A Social Epidemic from a Medical Perspective: The Work of Joep Lange

August 20, 2014 in inQueery

planeOn July 17th, Malaysian Airlines Flight 17 was shot down over Ukraine, with all passengers and crew on board killed. Among these passengers was Joep Lange, who was not only a prominent Dutch HIV/AIDS researcher in the medical field but also an advocate and activist for accessible treatment. Lange, who was 59, was on his way to the International AIDS Society biennial meeting in Melbourne. Given Lange’s untimely death it would do well to remember and acknowledge not only his achievements in medical research but also take note and inspiration from his social advocacy in the tumultuous history of HIV/AIDS research.

Lange was involved in HIV/AIDS research for 30 years not only as a medical researcher but also an activist for accessible treatment. The access of HIV/AIDS medication historically is highly controversial, especially as outrageous pricing often made medication highly inaccessible by those in need of treatment. Following the first official approval of the antiretroviral AZT by the FDA in 1987, it was at the time the most expensive single medication at an estimated $8,000 a year per person in history up to that point as pharmaceutical companies took advantage to make a profit in the midst of panic. Lange’s approach confronted the issue of accessibility as he aided in the development of treatment as prevention. Ultimately, as a medical researcher he believed that care and research should not be estranged from the actual patients who would be affected.

Thanks to considerable gains in medical research, the public’s initial panic of the HIV/AIDS epidemic has lessened due to new drug treatments. However, despite the popular belief in our social consciousness that the disease is now a manageable condition, stigmatization continues to persist around the globe. The history of the disease was at first steeped in social prejudices, an “epidemic of signification” in which HIV/AIDS was not only considered a death sentence but associated with deviance from societal norms. During the early years it went so far as to carry labels such as the 4 H’s of homosexuals, Haitians, hemophiliacs, and heroin users and researchers biased by stigma went so far as to label the disease as GRID or Gay-Related Immune Deficiency. Such assumptions in the medical field not only harmed the affected by reaffirming the social stigma. More harm came from biased research as anyone who did not fit the stereotypical mold was excluded from attention. Take for example, the belief the women and those who did not engage in the typical “risk associated behaviors” were immune from transmission. While medically such theories have been disproven, the panic of the media in the early days of the epidemic are still present in the minds of the public and the stigma of HIV/AIDS can continue to result in serious social consequences not only in the United States but around the globe. HIV/AIDS continues to be a growing problem globally as it is estimated that there are 35.3 million people around the world living with the disease.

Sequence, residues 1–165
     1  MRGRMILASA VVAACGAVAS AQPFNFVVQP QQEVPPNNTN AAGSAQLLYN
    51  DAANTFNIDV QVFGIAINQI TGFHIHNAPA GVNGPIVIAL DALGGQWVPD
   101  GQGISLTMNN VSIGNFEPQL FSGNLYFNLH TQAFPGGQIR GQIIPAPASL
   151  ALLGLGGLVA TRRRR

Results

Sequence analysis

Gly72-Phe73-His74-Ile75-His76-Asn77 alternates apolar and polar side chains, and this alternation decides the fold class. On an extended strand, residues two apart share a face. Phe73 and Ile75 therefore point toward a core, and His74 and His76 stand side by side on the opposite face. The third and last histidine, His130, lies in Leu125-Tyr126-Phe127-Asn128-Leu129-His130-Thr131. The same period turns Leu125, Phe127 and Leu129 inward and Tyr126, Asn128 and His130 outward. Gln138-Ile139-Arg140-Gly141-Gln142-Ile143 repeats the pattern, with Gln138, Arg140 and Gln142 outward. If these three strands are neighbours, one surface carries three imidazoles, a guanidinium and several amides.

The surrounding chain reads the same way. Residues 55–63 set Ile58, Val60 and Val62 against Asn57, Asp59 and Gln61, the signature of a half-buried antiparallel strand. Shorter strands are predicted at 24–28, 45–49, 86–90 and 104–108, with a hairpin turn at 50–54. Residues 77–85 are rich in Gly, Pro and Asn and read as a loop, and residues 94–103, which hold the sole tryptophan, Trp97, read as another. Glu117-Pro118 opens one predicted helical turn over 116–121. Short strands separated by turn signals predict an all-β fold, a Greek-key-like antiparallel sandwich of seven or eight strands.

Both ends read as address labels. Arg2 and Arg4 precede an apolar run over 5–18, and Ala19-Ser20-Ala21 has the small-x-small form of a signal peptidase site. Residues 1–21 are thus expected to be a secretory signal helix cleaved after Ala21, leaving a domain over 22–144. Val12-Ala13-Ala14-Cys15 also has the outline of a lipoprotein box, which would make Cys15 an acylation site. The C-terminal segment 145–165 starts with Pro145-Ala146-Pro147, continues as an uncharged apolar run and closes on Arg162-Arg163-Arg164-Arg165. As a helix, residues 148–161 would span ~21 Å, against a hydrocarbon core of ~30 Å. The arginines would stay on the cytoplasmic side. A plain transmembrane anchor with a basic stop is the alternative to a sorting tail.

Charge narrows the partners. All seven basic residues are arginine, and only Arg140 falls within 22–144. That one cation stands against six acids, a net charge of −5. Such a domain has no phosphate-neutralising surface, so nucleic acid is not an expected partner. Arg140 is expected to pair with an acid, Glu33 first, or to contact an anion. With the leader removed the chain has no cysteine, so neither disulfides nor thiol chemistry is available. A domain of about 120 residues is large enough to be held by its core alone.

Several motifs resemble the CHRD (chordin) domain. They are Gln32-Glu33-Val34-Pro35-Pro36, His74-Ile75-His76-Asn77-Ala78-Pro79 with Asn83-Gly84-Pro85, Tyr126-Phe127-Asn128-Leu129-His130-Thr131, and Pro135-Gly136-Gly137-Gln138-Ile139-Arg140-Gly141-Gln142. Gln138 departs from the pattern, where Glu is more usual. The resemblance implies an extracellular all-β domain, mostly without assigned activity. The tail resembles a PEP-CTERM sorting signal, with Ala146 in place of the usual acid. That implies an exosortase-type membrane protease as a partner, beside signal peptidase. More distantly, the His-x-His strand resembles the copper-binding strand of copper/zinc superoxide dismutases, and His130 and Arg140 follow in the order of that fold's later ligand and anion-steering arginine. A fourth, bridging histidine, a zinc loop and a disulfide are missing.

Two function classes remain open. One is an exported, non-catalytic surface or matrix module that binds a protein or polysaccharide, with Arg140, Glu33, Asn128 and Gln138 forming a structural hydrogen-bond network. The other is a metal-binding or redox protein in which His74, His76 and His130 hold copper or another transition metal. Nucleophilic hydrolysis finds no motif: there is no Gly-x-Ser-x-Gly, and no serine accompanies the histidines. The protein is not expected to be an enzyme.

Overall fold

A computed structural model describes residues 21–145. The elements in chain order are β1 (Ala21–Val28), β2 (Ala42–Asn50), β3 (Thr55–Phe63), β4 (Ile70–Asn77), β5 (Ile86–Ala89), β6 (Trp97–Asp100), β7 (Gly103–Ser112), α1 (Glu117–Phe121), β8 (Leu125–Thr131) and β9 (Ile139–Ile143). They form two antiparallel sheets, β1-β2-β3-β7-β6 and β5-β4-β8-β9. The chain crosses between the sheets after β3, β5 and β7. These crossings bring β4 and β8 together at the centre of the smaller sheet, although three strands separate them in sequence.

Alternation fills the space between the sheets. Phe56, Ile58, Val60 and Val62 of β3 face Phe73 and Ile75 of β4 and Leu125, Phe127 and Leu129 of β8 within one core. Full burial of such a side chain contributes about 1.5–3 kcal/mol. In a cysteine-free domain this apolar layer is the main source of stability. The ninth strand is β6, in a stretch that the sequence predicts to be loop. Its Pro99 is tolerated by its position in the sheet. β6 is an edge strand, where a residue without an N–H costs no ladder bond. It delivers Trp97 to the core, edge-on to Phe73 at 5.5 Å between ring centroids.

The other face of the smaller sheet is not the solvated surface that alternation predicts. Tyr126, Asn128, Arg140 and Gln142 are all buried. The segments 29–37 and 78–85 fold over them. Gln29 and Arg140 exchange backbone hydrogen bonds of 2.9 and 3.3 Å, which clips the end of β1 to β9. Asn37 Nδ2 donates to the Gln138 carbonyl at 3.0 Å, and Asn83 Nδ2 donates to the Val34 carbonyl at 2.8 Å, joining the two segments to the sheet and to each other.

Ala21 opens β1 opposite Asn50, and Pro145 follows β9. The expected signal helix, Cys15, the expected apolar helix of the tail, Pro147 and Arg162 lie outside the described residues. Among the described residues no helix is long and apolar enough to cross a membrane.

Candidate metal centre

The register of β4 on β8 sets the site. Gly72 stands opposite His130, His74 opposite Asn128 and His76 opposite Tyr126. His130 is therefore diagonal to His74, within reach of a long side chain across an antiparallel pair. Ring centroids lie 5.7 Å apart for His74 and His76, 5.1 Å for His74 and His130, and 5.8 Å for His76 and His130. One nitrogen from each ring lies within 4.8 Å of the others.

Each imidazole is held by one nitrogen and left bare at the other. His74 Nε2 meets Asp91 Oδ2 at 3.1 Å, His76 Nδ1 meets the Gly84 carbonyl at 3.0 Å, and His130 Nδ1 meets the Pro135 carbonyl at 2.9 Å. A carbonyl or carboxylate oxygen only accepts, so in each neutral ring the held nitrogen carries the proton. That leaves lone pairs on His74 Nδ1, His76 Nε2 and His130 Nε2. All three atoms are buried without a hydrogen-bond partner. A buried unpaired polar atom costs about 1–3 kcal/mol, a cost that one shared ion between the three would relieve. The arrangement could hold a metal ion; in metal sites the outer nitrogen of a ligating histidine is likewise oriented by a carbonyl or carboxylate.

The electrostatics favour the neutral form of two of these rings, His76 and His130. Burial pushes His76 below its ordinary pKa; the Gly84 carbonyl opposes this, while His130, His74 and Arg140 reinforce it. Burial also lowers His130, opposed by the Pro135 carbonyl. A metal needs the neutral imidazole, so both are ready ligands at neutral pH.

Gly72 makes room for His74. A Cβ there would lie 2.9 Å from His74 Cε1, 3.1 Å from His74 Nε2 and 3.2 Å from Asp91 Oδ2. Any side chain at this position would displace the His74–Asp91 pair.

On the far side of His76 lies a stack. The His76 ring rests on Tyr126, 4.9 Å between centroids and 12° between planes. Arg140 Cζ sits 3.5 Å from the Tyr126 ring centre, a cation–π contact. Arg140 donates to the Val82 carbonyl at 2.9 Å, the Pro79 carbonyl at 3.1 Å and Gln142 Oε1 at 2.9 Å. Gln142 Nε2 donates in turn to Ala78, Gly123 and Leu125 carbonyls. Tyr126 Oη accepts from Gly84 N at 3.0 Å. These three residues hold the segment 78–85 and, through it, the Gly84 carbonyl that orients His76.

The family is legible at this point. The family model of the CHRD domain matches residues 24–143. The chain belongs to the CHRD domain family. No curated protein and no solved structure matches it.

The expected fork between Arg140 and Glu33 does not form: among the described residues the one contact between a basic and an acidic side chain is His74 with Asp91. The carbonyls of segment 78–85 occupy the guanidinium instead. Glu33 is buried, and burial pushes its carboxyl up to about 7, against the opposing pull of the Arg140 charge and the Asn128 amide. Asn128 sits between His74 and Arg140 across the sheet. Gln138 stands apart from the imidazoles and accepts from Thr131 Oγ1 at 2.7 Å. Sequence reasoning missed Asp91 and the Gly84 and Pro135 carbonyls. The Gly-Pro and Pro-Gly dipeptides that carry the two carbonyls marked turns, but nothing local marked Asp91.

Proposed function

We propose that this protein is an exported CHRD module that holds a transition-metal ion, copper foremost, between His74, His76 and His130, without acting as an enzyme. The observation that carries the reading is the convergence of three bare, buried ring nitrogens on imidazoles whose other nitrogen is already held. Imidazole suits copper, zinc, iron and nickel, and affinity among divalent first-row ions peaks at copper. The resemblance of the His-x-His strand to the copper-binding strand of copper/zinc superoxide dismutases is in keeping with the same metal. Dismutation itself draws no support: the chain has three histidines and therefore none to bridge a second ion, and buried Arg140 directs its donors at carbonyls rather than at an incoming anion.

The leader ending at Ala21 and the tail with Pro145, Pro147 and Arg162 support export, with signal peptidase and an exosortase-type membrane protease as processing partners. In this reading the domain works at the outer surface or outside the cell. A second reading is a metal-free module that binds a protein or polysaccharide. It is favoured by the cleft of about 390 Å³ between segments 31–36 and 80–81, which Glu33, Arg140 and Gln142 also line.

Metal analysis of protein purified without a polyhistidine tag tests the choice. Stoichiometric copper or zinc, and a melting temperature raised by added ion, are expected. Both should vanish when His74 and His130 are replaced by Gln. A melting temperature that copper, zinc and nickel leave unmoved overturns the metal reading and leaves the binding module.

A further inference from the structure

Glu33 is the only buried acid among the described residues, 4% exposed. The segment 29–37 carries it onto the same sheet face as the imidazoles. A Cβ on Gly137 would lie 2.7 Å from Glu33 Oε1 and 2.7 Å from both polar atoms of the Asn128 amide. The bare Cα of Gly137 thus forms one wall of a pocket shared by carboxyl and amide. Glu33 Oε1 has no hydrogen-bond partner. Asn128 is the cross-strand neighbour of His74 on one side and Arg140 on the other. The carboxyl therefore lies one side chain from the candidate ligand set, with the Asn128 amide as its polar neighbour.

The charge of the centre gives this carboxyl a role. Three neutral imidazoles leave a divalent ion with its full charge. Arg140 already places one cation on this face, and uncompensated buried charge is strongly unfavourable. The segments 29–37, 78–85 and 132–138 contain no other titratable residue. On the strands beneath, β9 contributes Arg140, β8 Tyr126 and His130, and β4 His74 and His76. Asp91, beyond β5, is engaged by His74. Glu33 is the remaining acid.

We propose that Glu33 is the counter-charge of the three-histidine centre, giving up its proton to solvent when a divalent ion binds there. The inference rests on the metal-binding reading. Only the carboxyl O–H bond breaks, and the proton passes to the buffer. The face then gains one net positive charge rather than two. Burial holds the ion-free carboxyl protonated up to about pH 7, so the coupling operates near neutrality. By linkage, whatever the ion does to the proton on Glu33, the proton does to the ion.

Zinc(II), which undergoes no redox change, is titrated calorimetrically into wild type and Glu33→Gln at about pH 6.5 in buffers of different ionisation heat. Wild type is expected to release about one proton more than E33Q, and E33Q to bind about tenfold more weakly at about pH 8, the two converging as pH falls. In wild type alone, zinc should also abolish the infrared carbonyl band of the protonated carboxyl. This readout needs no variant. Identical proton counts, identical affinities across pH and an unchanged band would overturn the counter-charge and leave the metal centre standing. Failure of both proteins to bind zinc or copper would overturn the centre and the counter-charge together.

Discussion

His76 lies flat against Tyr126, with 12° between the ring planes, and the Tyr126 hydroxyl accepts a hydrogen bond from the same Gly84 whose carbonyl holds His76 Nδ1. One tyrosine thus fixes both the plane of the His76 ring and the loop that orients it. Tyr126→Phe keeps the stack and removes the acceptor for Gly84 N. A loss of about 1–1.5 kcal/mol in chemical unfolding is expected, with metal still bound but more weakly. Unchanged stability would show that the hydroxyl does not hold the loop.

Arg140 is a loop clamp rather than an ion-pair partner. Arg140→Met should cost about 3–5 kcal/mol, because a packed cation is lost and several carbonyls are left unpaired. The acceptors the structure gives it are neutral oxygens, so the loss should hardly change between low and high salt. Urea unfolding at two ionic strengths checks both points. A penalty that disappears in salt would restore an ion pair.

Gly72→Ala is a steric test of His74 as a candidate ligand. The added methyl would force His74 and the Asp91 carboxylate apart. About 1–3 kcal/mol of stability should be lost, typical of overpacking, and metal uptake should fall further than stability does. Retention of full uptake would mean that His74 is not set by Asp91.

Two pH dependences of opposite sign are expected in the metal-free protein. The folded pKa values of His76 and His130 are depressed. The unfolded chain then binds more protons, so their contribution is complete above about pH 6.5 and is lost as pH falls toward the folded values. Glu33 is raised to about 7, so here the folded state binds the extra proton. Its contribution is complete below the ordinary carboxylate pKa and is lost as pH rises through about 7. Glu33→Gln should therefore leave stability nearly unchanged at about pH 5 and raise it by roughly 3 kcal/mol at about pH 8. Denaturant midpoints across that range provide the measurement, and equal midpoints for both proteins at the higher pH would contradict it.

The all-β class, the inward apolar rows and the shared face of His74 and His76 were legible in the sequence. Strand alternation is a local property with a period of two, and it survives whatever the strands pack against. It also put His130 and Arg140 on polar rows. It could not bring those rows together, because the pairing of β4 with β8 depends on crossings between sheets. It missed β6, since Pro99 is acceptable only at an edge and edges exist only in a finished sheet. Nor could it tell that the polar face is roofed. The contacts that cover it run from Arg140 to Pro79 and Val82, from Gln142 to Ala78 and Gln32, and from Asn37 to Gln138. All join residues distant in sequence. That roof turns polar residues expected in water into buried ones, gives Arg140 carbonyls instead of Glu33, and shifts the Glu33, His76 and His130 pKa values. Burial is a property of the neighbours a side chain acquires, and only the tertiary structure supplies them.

In the context of the history of HIV/AIDS research not only as a medical epidemic but also a social one, Lange approached research by considering both faces of the epidemic. This mindset is prevalent in medical anthropology as activists and researchers recognize that in order to combat an epidemic, treatment must begin at the source of the problem rather than bandaging the consequences. As the president of the International AIDS society from 2002 and 2004, Lange attempted not only to approach the problem medically but also from a social perspective, integrating government policies, pharmaceutical companies, NGOs, and health insurers to provide more accessible care. Lange’s background in HIV/AIDS research began in conducting medical trials, with accomplishments such as the development of nevirapine to reduce the risk of mother-to-child transmission but eventually much of his focus shifted on bringing accessible treatment to those living in developing regions such as Sub Saharan Africa, where 69% of all HIV/AIDS cases are located and stigma combined with high cost can prevent the ill from seeking treatment. Lange believed that treatment should be provided to those living with HIV/AIDS “no matter how they became affected” and founded the organization PharmAccess in 2001 with the goal of providing accessible and affordable healthcare for those living with HIV/AIDS in Africa. Lange had the mentality that if we are able to deliver Coca-Cola to these regions of Africa then it must be possible to do the same with HIV/AIDS medication.

It’s been 33 years since the initial CDC report of HIV/AIDS and since that time countless lives have been shaped by the epidemic. Millions of people today around the globe continue to be affected by the disease, not only biologically but also socially. Through the initial panic, terror, and fear, HIV/AIDS became and continues to be a stigmatizing disease in the face of inequality. However, in the same 33 years progress has also been made, both medically and socially, sometimes with the best results coming out of the combination of the two. Joep Lange’s approach did just that and in his untimely passing we ought to remember his advocacy and accomplishments in access to treatment and to take inspiration and action into our own hands. Fear and sickness must be overcome with the knowledge that defeating the disease cannot be made solely through medical advancements but also the social, as what good is it if we have all the medication in the world but those who need it most cannot access it?

Meredith Tsang is a Guest Contributor and a volunteer at the Pacific Center.